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Dr. Lanzerotti is an Assistant Professor of Physics at Augsburg College (Minneapolis, MN), an Adjunct Associate Professor of Computer Engineering in the Department of Electrical and Computer Engineering at the Air Force Institute of Technology, Wright-Patterson Air Force Base, Ohio, and an Affiliate Researcher at the University of Minnesota (Minneapolis, MN). She received her A.B. from Harvard College, M. Phil. from University of Cambridge (U.K.), and her Ph.D. from Cornell University, all in physics.

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Richard Martin The Air Force Institute of Technology

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Richard K. Martin received dual B.S. degrees (summa cum laude) in physics and electrical engineering from the University of Maryland, College Park, in 1999 and the M.S. and Ph.D. degrees in electrical engineering from Cornell University, Ithaca, NY, in 2001 and 2004, respectively. Since August 2004, he has been with the Department of Electrical and Computer Engineering, Air Force Institute of Technology (AFIT), Dayton, OH, where he is an Associate Professor. He is the author of 35 journal papers and 64 conference papers, and he holds five patents. His research interests include radio tomographic imaging; navigation and source localization; cognitive radio; laser radar; and engineering education. Dr. Martin has been elected Electrical and Computer Engineering Instructor of the Quarter three times and HKN Instructor of the Year twice by the AFIT students. He is currently serving as a Senior Area Editor for IEEE Signal Processing Letters and has served as a Guest Editor for The IEEE Journal of Selected Topics in Signal Processing and an Associate Editor for IEEE Signal Processing Letters.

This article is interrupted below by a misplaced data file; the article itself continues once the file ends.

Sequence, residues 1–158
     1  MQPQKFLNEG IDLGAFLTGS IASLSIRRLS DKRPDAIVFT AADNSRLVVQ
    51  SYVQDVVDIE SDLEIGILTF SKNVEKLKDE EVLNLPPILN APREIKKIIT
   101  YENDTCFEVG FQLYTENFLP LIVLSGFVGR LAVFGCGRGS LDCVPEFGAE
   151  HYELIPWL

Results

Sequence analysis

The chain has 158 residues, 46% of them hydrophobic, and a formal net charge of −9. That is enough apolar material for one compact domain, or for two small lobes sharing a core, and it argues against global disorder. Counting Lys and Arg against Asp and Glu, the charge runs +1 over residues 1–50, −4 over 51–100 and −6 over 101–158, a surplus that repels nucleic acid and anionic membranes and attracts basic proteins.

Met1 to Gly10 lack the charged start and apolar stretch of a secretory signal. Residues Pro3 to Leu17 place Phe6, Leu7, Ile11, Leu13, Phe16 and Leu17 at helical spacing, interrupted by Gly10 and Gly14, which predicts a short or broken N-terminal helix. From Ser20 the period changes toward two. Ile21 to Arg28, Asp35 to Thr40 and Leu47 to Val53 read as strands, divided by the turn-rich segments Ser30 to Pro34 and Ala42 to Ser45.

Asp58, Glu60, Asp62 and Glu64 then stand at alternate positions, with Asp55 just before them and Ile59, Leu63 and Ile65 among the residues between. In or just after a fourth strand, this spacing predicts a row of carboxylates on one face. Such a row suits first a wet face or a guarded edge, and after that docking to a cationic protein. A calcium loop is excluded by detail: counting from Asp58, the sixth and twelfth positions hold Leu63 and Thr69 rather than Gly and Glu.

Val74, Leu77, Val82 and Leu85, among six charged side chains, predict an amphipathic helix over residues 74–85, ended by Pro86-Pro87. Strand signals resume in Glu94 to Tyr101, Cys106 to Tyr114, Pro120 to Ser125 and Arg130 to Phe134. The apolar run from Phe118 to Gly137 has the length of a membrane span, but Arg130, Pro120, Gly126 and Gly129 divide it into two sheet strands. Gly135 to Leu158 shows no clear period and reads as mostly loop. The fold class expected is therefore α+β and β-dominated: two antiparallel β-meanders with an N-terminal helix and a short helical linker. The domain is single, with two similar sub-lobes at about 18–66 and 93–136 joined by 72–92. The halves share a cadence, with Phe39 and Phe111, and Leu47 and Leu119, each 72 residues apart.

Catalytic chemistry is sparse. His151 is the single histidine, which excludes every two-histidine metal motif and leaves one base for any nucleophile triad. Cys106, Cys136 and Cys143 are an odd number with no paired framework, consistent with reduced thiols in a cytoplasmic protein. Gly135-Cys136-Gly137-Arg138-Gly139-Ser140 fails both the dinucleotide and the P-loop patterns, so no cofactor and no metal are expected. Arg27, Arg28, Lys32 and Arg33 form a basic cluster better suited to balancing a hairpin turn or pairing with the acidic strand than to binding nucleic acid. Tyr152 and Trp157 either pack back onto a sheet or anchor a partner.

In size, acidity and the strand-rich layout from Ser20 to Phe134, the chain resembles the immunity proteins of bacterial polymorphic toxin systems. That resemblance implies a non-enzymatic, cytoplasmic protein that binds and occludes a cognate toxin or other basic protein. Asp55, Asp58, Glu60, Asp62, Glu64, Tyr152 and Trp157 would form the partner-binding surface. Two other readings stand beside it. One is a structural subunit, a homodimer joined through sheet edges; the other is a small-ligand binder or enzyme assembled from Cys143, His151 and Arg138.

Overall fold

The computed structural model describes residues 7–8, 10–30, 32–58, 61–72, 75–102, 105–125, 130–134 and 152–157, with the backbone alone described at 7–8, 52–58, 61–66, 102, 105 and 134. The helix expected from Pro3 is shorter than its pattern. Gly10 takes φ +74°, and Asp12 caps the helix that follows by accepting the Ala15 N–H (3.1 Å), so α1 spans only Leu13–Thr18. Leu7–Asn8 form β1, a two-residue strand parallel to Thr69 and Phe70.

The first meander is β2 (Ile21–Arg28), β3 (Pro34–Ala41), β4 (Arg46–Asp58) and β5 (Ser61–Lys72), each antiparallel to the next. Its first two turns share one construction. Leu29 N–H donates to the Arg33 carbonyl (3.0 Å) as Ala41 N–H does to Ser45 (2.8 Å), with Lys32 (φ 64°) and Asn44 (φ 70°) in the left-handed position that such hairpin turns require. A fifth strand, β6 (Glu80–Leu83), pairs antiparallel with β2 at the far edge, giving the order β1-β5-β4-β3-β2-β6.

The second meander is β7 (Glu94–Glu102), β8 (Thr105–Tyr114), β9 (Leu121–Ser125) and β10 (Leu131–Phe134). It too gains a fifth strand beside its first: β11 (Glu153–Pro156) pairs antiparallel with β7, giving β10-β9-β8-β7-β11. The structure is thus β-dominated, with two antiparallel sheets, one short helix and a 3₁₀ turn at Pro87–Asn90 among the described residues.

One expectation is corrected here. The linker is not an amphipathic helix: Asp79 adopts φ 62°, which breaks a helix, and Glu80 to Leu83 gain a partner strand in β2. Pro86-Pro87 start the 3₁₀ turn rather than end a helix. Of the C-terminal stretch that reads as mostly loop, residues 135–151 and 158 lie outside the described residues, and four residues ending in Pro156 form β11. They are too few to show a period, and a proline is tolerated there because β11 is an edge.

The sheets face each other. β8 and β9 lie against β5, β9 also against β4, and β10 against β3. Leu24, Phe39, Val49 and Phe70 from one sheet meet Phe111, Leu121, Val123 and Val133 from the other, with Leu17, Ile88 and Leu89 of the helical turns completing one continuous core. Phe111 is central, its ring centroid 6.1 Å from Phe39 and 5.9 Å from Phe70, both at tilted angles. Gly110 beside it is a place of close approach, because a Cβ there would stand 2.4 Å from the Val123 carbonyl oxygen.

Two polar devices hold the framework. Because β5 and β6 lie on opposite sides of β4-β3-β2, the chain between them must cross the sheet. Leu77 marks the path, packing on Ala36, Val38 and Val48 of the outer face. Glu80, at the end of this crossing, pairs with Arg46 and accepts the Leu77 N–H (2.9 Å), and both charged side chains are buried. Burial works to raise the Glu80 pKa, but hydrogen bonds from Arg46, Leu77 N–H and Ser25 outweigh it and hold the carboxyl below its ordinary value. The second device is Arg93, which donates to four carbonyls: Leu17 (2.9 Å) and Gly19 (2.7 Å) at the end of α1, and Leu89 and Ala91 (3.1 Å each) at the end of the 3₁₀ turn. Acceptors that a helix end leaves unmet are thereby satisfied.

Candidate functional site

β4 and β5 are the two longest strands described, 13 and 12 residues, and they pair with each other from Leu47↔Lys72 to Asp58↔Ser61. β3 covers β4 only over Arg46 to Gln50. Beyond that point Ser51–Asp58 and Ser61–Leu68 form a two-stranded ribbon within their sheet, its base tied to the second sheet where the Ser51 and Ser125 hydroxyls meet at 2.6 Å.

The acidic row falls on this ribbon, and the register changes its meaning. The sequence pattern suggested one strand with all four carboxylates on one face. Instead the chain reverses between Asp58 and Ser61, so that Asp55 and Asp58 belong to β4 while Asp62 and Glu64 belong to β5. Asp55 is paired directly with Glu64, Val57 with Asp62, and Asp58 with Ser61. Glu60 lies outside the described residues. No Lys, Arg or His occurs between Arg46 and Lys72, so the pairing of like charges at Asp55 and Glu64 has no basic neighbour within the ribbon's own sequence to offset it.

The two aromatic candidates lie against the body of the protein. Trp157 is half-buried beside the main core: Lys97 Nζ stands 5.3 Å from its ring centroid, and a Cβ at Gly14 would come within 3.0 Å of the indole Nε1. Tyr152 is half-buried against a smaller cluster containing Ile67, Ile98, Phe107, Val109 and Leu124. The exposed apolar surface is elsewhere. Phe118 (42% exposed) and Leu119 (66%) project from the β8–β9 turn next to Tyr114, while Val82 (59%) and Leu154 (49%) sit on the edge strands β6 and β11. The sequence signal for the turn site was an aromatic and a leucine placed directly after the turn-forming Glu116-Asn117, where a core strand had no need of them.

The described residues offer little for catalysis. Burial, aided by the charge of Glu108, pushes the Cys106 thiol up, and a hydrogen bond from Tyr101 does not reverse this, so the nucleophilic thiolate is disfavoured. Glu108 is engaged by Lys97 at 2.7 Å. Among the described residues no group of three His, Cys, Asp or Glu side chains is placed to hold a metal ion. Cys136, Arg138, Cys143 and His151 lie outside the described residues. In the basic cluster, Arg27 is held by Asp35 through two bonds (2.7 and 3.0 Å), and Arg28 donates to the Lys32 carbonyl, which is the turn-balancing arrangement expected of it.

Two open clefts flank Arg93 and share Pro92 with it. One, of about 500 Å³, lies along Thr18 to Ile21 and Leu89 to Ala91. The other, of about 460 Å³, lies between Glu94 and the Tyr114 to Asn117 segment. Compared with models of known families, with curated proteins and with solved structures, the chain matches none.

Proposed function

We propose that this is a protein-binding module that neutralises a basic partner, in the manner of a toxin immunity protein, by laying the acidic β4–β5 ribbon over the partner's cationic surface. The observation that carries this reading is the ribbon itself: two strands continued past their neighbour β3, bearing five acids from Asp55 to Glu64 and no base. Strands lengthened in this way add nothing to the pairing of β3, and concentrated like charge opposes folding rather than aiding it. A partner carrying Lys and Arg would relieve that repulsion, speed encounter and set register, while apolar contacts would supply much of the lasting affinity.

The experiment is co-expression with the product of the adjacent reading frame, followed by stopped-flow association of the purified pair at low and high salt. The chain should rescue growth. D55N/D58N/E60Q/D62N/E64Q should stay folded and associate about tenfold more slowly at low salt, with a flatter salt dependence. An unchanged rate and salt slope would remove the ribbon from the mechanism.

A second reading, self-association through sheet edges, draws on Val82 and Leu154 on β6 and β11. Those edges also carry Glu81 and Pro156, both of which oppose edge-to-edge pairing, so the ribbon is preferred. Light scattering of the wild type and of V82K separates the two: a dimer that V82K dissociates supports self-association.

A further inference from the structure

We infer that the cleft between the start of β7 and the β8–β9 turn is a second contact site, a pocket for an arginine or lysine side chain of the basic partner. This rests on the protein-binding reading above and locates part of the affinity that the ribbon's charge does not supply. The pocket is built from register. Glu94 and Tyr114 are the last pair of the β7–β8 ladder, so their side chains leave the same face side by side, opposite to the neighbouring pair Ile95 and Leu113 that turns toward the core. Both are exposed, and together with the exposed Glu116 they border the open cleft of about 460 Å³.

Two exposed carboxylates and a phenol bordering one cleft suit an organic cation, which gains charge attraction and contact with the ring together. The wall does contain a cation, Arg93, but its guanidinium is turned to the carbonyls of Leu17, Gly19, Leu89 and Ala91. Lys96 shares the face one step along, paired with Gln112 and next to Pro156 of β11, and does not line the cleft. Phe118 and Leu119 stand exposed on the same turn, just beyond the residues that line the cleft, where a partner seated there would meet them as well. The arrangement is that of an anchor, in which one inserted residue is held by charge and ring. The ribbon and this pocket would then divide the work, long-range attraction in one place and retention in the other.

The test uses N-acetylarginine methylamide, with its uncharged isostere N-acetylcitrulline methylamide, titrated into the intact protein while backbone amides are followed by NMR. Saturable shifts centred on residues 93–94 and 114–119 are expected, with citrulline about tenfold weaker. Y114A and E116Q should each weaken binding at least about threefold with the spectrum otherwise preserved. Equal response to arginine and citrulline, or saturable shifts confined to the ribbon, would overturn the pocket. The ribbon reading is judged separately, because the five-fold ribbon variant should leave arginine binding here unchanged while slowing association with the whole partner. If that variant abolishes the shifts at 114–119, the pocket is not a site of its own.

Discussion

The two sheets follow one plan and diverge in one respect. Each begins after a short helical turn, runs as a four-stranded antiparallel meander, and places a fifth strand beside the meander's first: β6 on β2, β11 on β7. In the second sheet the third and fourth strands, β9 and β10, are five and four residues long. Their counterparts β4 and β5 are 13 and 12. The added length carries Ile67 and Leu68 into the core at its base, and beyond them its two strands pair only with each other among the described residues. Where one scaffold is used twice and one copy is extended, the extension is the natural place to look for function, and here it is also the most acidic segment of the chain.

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Maggie Varga Southwestern Ohio Council for Higher Education

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Maggie Varga, Chief Operating Officer, Southwestern Ohio Council for Higher Education (SOCHE)